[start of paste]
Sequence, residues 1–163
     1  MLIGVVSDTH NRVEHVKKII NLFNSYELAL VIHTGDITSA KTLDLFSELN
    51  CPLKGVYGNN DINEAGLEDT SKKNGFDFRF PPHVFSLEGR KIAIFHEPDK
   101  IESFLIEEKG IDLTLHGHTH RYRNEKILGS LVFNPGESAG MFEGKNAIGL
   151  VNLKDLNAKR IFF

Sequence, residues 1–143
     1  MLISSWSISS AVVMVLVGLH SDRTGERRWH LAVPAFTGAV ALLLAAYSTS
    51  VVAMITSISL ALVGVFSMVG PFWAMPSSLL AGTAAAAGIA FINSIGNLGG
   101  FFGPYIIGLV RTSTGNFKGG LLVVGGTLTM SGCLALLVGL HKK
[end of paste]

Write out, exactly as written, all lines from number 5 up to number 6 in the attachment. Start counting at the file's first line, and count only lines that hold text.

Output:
   151  VNLKDLNAKR IFF

Sequence, residues 1–143